Republicans Confront Realities Of Health Overhaul, Position Themselves In CongressThe Christian Science Monitor reports that the health overhaul is resting in the GOP's crosshairs. "The ultimate defense [to the repeal effort] is the presidential veto pen. Even with a new majority in the House come January, Republicans concede that winning a repeal vote in the Democratic-controlled Senate is unlikely and the two-thirds needed to override a presidential veto, well out of reach." Republicans, in "the likely event that repeal fails," will try to repeal parts of the bill instead of the whole thing (Russell Chaddock, 11/15).
But The Hill's Healthwatch blog reports: "Conservative Republicans are worried that Democrats could use the lame-duck session to disable one of their most potent weapons against the healthcare reform law. When lawmakers return this week for the lame-duck session, they'll have to decide on a budget to keep the government's doors open until next year. Democrats could try to pass an omnibus spending bill that funds the healthcare reform bill into the future, making it more difficult for House Republicans to starve the law of cash when they're in the majority next year." Conservatives are standing against such a move to allow a fuller debate of the health law next year (Pecquet, 11/15).
In the meantime, the U.S. Chamber of Commerce is planning a pro-business lobbying effort that will also target the health overhaul, which it says is hampering the economic recovery. Los Angeles Times reports, "The advertising campaign, called 'This Way to Jobs,' will feature a curved arrow that twists and bends above a list of new rules that are expected to follow passage of the financial services reform bill approved by Congress this year. The ad also refers to the healthcare bill that sets up what the chamber said are a multitude of new agencies, panels and commissions 'with the power to regulate.' In particular, the chamber has pushed for looser interpretation of rules requiring health insurance companies to spend a specified minimum percentage of the premiums they collect from customers on coverage of medical claims starting next year" (Hamburger and Levey, 11/15).
The Associated Press/Washington Post: The head of the U.S. Conference of Catholic Bishops defended his group's opposition to the health overhaul "arguing the overhaul will allow backdoor taxpayer subsidy for abortion. The law walled off federal funds from being used for abortion, and an executive order signed by Obama just before it passed reaffirmed existing prohibitions on government-financed abortion. Still, the bishops and other anti-abortion activists contend that neither would actually prevent tax money from being used." The law allows federal subsidies to be used for health insurance premiums that pay for abortion only in cases of rape or incest, and health plans operating in new markets that will be regulated by the government can choose to cover abortion but must segregate money collected from consumer premiums to do so. "The language was a compromise, since most private insurance plans currently cover abortion. But abortion opponents argue the separation of funds is a distinction without a difference" (Zoll, 11/15).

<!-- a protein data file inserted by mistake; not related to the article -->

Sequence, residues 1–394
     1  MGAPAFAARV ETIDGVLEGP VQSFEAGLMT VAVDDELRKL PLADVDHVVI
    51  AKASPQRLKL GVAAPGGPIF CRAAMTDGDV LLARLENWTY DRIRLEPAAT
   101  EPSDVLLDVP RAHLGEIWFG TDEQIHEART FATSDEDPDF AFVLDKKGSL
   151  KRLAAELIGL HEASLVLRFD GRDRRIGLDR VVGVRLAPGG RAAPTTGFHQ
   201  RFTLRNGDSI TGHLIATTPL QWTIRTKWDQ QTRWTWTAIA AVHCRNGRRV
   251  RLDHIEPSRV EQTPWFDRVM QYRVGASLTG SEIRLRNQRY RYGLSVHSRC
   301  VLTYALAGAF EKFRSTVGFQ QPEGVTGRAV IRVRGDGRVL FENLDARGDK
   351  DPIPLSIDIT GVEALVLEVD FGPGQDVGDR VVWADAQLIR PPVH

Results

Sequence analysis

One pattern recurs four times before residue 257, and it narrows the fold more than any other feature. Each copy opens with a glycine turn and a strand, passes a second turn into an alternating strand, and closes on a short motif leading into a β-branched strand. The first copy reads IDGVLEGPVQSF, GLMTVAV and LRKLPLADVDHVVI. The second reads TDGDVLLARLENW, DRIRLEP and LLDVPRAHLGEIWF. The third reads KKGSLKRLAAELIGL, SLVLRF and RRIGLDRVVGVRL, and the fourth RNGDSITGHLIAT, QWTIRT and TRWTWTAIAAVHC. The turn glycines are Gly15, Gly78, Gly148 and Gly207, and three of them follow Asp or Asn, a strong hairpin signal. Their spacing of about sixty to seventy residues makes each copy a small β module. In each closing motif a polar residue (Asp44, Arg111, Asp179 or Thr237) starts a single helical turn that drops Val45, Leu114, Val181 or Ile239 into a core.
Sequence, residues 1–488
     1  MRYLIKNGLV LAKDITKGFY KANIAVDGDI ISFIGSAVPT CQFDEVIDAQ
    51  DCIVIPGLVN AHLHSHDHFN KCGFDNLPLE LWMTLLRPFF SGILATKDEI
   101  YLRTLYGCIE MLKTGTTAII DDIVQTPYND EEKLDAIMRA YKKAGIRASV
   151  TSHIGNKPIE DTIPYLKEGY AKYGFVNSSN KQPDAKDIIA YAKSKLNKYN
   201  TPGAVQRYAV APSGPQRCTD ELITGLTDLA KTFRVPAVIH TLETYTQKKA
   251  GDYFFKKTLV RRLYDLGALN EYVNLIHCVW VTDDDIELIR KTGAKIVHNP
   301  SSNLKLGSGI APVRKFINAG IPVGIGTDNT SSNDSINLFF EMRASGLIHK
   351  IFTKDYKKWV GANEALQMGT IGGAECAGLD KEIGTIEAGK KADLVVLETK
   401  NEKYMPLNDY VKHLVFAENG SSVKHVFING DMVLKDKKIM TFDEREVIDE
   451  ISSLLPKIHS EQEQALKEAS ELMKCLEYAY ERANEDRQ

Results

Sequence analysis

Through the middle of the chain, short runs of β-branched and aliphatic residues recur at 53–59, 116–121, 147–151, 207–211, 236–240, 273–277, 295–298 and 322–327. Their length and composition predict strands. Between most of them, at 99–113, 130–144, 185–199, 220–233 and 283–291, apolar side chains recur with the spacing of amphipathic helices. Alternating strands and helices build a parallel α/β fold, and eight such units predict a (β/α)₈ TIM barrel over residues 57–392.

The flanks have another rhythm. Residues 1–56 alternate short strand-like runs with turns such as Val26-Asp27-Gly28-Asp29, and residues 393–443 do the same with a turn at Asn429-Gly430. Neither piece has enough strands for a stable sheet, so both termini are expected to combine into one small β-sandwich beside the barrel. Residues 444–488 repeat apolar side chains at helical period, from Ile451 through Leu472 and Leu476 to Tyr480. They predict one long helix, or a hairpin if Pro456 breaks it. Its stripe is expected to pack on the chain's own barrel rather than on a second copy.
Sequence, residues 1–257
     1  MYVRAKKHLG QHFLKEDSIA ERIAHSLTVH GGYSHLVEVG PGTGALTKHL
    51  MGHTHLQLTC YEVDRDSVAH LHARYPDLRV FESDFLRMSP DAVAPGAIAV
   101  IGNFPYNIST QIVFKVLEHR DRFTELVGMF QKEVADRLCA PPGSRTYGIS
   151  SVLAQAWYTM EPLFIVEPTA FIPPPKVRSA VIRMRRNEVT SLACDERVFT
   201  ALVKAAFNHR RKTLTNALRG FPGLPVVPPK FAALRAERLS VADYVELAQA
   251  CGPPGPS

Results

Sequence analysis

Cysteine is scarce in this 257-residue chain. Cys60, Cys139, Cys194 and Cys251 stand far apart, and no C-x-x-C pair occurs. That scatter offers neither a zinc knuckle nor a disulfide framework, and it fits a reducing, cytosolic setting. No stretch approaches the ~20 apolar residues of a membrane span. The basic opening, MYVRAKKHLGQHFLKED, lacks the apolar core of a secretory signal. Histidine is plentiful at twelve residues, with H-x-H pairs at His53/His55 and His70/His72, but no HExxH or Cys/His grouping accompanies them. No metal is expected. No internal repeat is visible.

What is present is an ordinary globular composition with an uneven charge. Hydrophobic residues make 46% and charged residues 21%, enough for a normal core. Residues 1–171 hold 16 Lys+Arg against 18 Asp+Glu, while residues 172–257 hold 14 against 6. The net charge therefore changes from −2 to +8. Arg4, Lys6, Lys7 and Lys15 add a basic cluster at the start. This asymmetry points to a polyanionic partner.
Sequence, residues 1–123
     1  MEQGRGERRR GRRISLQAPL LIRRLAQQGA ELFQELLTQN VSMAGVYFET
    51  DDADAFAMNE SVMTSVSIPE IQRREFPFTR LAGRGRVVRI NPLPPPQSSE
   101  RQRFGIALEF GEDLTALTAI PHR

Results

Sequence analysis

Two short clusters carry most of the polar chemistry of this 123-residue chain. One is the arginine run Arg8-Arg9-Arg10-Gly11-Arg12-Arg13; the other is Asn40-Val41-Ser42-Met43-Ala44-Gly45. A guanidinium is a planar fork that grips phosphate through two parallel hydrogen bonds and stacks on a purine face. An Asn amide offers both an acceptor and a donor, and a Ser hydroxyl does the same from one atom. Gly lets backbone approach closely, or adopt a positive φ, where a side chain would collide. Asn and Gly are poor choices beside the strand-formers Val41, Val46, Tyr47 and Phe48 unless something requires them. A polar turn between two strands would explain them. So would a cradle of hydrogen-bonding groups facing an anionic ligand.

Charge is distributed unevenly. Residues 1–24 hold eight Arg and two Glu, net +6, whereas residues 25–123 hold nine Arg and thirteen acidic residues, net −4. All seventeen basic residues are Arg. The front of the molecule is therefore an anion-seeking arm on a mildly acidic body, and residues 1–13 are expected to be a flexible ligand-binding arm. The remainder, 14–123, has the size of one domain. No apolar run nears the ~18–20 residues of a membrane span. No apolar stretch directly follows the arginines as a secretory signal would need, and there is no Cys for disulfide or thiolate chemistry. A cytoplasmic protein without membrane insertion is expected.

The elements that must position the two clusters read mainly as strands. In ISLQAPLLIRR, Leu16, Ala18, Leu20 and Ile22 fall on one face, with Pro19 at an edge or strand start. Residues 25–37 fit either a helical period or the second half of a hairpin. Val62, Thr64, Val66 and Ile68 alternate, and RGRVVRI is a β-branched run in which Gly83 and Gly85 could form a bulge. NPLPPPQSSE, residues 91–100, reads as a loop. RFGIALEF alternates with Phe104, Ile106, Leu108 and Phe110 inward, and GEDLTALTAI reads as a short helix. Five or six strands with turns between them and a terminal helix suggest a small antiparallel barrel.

Politico: As freshmen lawmakers made their way into Washington yesterday, a new Republican representative turned heads by "demanding to know why his government-subsidized health care plan takes a month to kick in. Republican Andy Harris, an anesthesiologist who defeated freshman Democrat Frank Kratovil on Maryland's Eastern Shore, reacted incredulously when informed that federal law mandated that his government-subsidized health care policy would take effect on Feb. 1 28 days after his Jan. 3rd swearing-in." A spokeswoman said "Harris, who is the father of five, wasn't being hypocritical he was just pointing out the inefficiency of government-run health care" (Thrush, 11/15).
Finally, Fox News reports that potential Republican presidential candidates are already positioning themselves using health reform for the 2012 race. They include former Mass. Gov. Mitt Romney, who helped pass a health overhaul in his state when he was governor there. "'Romneycare' was one of his main selling points when he ran for president in 2008, but in the years since it passed, it has turned out to be more and more expensive and less and less popular. Now, with the passage of President Obama's signature health care law on the books, Romney's plan appears to be his biggest liability among Republican voters." For his part, Romney says his health overhaul and Democrats' is very different. "'Ours is a state solution to a state problem within the rights of the constitution. Obamacare is a federal intrusion of power taking over the rights of states and the rights of families, the rights of doctors. It is a massive abuse of constitutional power. And for that reason I think it needs to be repealed and we need to do a better job to get health care reform in a way that makes it work more like a market,' he told Fox News' Sean Hannity" (11/15).This is part of the KHN Morning Briefing, a summary of health policy coverage from major news organizations. Sign up for an email subscription.